Characters Discussed

(Great Characters in Literature)


Wallas, a detective who arrives in a provincial city in northern France to investigate the latest in a series of political murders. He is large and in his forties, and he has shaved his mustache for this mission. His previous assignment had been the investigation of various theosophical societies. He had applied to the bureau for which he now works and had almost been refused because his forehead measures only forty-nine square centimeters instead of the fifty that the chief, Inspector Fabius, required. He has been given his first solo assignment and is to investigate the murder of Daniel Dupont. During his investigation, he frequently wonders what Fabius would have done, even going so far as to imagine himself to be Fabius. While trying to find a killer, Wallas also keeps trying to find a certain type of eraser he once saw, hence the title of the book.

Inspector Laurent

Inspector Laurent, the man normally in charge of murder investigations in the city. He is not pleased with having his case usurped by an outsider, although he does his best to hide it. The most noticeable physical aspect of Laurent is that he is bald. Even though he does much less field investigation than does Wallas, Laurent figures out the truth of the matter by sheer reasoning ability, just as Inspector Fabius would have.

Daniel Dupont

Daniel Dupont, a fifty-two-year-old, internationally respected university...

(The entire section is 529 words.)

The Characters

(Literary Essentials: World Fiction)

It is difficult, if not impossible, to talk about the characters in a normal sense, that is in the sense that Honore de Balzac or Gustave Flaubert created characters. The central characters, Wallas, Laurent, and Garinati, have no first name and very little or no background. For example, all that the reader is told about their physical makeup is that Laurent is bald and that Garinati is small and has the face of a sad spider. The physical description of Wallas is limited to the fact that he is big and shaved his mustache for this assignment, and that his mentor and hero, Inspector Fabius, almost rejected him because his forehead measured only forty-nine square centimeters instead of the required fifty. Beyond that, the reader is told only that Wallas has a mother and that he had come to this particular city, as a child, to see his father, but that he did not meet him. It is also known that his previous assignment was keeping an eye on some Theosophical groups. There is strong evidence to suggest that these characters are to be seen not as individuals but as objects to be described as part of the art of writing. Such an indication comes in the interview with Evelyne Dupont, when she tells Wallas that Dupont was never alive, and when Robbe-Grillet adds, during Wallas’ interrogation of Dupont’s housekeeper, that Dupont’s death is now an abstract event being discussed by mannequins.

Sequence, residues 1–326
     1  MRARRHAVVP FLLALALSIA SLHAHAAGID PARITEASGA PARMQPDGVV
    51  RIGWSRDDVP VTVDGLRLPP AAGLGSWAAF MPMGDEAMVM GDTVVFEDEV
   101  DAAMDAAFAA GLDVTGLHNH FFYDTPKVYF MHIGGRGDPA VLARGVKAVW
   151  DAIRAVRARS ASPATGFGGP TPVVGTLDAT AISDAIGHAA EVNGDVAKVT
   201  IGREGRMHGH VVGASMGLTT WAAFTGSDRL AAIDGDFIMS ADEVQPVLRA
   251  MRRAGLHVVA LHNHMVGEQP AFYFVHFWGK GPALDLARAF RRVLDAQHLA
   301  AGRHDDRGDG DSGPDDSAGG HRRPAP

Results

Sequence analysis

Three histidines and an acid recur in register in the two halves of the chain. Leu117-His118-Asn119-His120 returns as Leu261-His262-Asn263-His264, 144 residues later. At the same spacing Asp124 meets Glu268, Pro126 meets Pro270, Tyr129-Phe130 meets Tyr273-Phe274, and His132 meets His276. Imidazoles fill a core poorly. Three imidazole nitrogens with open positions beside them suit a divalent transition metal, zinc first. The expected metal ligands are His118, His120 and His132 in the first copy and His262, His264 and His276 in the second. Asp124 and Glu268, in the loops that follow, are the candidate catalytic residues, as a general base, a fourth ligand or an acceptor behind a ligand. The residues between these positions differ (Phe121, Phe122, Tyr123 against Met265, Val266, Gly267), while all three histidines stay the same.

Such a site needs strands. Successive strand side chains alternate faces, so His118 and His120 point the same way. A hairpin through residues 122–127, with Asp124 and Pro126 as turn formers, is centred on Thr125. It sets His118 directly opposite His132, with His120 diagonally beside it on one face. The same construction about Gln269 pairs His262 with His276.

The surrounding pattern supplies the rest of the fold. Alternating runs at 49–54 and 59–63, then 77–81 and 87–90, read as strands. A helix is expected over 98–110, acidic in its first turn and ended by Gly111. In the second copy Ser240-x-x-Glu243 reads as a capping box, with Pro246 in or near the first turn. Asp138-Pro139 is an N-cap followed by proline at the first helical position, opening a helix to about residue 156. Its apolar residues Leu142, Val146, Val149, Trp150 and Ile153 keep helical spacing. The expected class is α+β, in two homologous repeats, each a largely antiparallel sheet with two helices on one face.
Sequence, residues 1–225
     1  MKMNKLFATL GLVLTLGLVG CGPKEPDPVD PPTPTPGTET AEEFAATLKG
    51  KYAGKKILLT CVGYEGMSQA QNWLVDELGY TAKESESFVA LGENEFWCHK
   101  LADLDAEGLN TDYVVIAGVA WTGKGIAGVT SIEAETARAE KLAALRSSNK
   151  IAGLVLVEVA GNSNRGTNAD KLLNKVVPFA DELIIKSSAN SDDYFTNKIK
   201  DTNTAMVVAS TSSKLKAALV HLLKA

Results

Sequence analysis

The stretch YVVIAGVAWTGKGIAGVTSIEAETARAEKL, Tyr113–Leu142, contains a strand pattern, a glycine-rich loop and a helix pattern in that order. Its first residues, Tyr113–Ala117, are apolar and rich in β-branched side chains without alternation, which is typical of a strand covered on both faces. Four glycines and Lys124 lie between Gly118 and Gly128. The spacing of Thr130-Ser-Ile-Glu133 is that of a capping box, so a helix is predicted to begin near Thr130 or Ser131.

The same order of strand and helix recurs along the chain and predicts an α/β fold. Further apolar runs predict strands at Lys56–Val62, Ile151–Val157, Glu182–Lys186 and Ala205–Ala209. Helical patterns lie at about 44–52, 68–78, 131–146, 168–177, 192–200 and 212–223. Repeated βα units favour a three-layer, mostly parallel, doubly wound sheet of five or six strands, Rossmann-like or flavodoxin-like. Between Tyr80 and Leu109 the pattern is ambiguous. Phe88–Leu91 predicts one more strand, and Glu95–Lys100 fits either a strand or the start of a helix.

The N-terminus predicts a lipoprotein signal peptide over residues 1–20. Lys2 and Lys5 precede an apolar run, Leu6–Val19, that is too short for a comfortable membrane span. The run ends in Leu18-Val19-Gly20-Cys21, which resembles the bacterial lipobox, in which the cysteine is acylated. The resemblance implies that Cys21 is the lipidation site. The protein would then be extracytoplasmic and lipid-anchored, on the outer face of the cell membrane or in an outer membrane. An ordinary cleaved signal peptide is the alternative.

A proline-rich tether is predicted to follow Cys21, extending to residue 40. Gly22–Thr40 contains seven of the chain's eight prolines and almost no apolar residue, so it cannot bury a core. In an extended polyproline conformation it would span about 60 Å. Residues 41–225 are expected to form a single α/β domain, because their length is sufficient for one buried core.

(Beacham's Encyclopedia of Popular Fiction)

It is no accident that the objects in The Erasers have more density than the characters. Whereas more traditional novelists might...

(The entire section is 146 words.)